Toyota is bringing back the Venza. The mid-size crossover returns in the same category, but with a different slant. Pitched as a more luxury-oriented, diet-Lexus niche-filler between the RAV4 and Highlander, it’s based off the Japanese-market Harrier.
New for 2021: The Venza is all new for the 2021 model year. Instead of the chonky, Camry-wagon-on-stilts look of the original, this one looks more upmarket. It carries with it more premium features than the RAV4, like a larger 12.3-inch infotainment system, 1,200-watt sound system, and a trick glass roof that goes from opaque to transparent at the touch of a button.
The reborn Toyota Venza is not the one you remember from a decade ago. Toyota is positioning it as a premium five-seat crossover in its lineup, with the sort of features you’d typically expect on a Lexus.
Arguably the Venza’s biggest party trick is its Star Gaze panoramic glass roof. At the touch of a button, the roof can go from frosted to completely clear. It’s tech that debuted on a limited-edition Ferrari in the early aughts. Also on the list of tech features is the Highlander’s larger 12.3-inch infotainment, a head-up display, and the most powerful sound system ever fitted to a Toyota.
With six extra inches of length over the RAV4, the Venza offers more space for people and their things.
Just one drivetrain will be available from launch, and it’s a hybrid system. The same as the one in the RAV4, it pairs a 2.5-liter four-cylinder engine with three electric motors for a combined 219 hp output. That puts the Venza down on power versus most other crossovers its size. On the other hand, Toyota is targeting 40 mpg overall.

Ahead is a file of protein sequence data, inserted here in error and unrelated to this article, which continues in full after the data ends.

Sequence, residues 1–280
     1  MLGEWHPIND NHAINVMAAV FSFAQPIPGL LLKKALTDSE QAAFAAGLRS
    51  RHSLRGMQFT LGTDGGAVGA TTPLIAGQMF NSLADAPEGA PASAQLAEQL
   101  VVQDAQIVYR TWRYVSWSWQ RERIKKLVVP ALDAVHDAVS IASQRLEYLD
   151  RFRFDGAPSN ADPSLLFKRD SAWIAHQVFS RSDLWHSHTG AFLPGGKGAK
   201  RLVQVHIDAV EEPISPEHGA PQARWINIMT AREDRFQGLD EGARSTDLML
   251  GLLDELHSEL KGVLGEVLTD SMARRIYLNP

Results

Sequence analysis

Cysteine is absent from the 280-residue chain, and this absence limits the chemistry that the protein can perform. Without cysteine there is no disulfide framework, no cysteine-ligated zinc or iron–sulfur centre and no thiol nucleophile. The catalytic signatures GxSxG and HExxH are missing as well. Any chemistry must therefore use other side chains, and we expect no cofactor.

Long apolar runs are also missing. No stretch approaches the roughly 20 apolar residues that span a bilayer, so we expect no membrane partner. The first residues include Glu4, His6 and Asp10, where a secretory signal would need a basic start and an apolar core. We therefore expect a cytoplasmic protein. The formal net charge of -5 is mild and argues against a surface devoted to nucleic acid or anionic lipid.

The Venza lineup begins with the $33,645 LE trim, and runs to the low-to-mid $40k range for a loaded Limited model.
Pros/ Lux interior / Smart pricing / Fuel-sipping hybrid
Cons/ Lack of storage space / No towing abilities / Down on power
Bottom Line/ A stylish and reasonably-priced mid-sizer, the Venza prioritizes a smooth ride and excellent fuel economy in the mid-size crossover set.
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2021 Toyota Venza Review
By Kyle Patrick
How do you capitalize on the public’s continuing love affair with the crossover when you already have six in your lineup?
If you’re Toyota, you revive a nameplate, in this case the Venza. This new model is a far cry from the original though. While the Venza from 2009 to 2015 was essentially a Camry wagon with a bad case of elephantiasis, the 2021 edition is a svelte crossover. It slots in between the massively popular RAV4 and the three-row Highlander, sharing a platform with both and the wheelbase of the former.
With classy new looks and a hybrid powertrain, Venza 2.0 looks to carve out its own space in the mid-size crossover segment. Thanks to a reasonable price tag and a whole bunch of feel-good tech, it looks set to succeed too.
Toyota Venza Powertrain
You can have any Toyota Venza, so long as it’s a hybrid Venza. Yes, Toyota is going all-in with it’s fuel-sipping tech here, not even offering the option of a straight gasoline drivetrain.